It’s all fun and games to joke about being a procrastinator, but overthinking some things, such as how to paint a subject, can be a serious roadblock. Sometimes it’s best to just jump in and see what happens when you begin sketching your composition or start putting paint onto the canvas. Craig Nelson, who recently filmed four ArtistsNetwork.tv DVDs on how to paint, explains that painting quickly is the best way to practice–and improve–your art.
“After teaching at two prestigious art schools for the last 26 years, I’ve realized that one avenue of improvement is studies done in short periods of time–quick studies,” Craig says. “Quick studies allow for no overworking or overthinking, but bring basic knowledge to a more intuitive state.”
How to Paint – From Craig Nelson’s 60 Minutes to Better Painting:
By painting quick studies you will:
• Break inhibitions. Painting is often intimidating. The concept of taking a blank surface and creating a finished, pleasing image on it can be overwhelming. It may paralyze the painter and lead to a tentative approach without confidence.
• Deal confidently with mistakes. Whenever doing anything, you will make mistakes. In sports, music or any other endeavor, you must go through some growing pains in order to become proficient or to excel. To be afraid of making mistakes should not keep you from attempting something. That is how we all learn.
• Learn the differences between line and mass. From our earliest memories we have all drawn with pencil, crayon or pen. Generally, when we draw anything, we start with lines. This, however, is not how we see. We see mass and form; therefore, mass and form is how we must paint. Lines are a shorthand for painting.
• Learn brushwork. The way in which a painter wields his brush is much of the beauty of a painting. It may be energetic, careful, soft or crisp. Brushwork often is like handwriting–very distinctive.
• Understand how to see. You must learn how to see in stages. You must not see the detail first, but must see the larger more basic images before studying the smaller and often more interesting areas. It is important to train your eye to see in the proper order so your subject can be approached as if it were a painting.
• Get started. The evil word “procrastination” is the constant enemy of all painters. That blank canvas and the concept of a finished painting can be a burden. The study, as opposed to a finished painting, can eliminate any burden. It’s stated as a study; to learn, to improve, to try something, not a precious final piece of art! When procrastinating on what to do, how big, etc., do a study. ~Craig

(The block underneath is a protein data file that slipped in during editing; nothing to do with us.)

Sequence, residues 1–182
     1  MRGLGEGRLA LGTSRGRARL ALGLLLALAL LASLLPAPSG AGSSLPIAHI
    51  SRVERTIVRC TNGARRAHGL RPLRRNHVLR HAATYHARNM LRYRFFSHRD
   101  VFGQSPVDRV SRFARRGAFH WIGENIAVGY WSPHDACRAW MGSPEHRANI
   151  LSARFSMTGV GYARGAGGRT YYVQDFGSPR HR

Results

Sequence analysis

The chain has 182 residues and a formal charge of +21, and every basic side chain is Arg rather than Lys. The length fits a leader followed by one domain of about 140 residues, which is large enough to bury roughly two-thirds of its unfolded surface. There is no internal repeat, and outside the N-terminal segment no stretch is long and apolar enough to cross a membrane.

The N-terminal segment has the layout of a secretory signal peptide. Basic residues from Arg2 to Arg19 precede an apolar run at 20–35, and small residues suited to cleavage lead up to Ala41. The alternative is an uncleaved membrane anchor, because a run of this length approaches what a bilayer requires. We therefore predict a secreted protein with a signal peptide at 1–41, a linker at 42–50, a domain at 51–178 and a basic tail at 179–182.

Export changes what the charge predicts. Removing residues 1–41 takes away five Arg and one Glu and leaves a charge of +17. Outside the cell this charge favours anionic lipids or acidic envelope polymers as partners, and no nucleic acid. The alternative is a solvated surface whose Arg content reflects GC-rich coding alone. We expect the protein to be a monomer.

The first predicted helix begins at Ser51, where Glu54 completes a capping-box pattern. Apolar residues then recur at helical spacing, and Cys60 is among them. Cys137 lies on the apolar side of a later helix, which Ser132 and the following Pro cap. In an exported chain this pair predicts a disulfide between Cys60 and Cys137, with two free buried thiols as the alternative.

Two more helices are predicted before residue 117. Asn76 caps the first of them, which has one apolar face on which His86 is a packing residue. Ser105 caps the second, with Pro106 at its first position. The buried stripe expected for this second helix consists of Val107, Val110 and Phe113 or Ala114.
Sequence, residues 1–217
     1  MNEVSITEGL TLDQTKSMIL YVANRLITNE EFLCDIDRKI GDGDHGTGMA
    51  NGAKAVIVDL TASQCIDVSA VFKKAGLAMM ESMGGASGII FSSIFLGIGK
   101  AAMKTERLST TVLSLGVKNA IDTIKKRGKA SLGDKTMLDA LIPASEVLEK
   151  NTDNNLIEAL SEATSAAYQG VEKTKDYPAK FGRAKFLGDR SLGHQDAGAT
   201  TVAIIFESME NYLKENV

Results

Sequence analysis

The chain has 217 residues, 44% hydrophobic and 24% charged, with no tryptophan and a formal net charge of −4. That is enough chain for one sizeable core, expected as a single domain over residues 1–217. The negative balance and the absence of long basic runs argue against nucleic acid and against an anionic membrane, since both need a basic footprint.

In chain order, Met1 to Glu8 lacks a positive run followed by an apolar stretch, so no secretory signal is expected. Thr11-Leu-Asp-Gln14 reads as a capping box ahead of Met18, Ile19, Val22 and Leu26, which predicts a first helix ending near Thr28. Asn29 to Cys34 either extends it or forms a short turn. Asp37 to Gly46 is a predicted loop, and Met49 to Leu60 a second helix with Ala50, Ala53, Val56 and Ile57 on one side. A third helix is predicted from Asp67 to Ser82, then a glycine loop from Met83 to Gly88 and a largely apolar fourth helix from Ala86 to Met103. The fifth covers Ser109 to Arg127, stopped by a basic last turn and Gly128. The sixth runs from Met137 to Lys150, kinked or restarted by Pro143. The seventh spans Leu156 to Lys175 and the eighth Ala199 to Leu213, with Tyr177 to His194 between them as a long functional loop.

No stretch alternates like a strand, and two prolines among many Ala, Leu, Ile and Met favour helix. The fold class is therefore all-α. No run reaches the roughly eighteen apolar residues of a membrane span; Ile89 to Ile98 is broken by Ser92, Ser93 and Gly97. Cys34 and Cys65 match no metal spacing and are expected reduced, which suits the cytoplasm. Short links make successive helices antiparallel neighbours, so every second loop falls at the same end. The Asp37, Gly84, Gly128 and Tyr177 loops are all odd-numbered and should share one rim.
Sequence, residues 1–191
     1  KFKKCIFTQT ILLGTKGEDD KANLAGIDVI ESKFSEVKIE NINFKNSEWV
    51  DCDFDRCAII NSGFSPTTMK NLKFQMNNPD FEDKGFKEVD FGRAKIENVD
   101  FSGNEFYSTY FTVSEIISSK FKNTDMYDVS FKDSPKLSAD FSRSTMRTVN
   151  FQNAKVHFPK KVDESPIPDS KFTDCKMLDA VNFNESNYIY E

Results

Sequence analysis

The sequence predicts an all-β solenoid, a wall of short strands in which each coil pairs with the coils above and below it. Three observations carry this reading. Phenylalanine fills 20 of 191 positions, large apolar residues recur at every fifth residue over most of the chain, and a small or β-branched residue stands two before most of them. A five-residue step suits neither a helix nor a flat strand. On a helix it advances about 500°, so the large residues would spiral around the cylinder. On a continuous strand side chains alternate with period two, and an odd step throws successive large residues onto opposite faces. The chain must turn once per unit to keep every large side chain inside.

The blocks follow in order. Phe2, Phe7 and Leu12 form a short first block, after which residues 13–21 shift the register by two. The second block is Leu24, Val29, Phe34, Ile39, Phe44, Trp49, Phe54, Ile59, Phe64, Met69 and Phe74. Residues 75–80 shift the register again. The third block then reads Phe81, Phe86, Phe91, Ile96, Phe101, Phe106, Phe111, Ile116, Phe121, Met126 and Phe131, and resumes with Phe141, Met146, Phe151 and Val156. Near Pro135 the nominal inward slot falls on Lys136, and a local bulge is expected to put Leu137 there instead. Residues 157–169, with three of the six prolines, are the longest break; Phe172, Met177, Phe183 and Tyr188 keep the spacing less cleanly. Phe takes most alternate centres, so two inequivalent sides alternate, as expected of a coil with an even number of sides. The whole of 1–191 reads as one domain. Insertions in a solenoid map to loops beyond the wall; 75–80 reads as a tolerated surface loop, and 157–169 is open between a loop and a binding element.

When you order Craig’s Quick Solutions to Better Painting collection (only available at North Light Shop), you’ll receive:
1. Quick Studies: Landscape Painting (DVD)
2. Quick Studies: Figure Painting (DVD)
3. Painting Landscapes Day into Night (DVD)
4. Water Painting Solutions (DVD)
5. 60 Minutes to Better Painting (book)
Scroll down to read Craig’s advice for deciding what to include and what to edit when you’re practicing how to paint with your next quick study.
Wishing you all the best,
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How to Paint: Deciding What Is Important
by Craig Nelson
The most important aspect of a quick study is the editing that each artist makes. This requires rapid and confident decision making. You must decide what is important to the subject as well as what is important to you. For example, the accuracy of shape and size may be important to the subject, while the mood and lighting may be important to you.
How important is something within a given setting? In a quick study, if something is not essential to capture the subject, then it can be left out. When painting in this abbreviated style, you must leave out unnecessary details. The best way to approach this is to think of your strokes as rapid indications of shapes, values and colors–not details.
Simplify the Scene
The powerful design of sky and architecture is simplified from the photograph. Within the short time frame of the study, enough detail is indicated to give believability to the scene. In the study the perspective is important and relatively accurate while much of the detail is understated or deleted.
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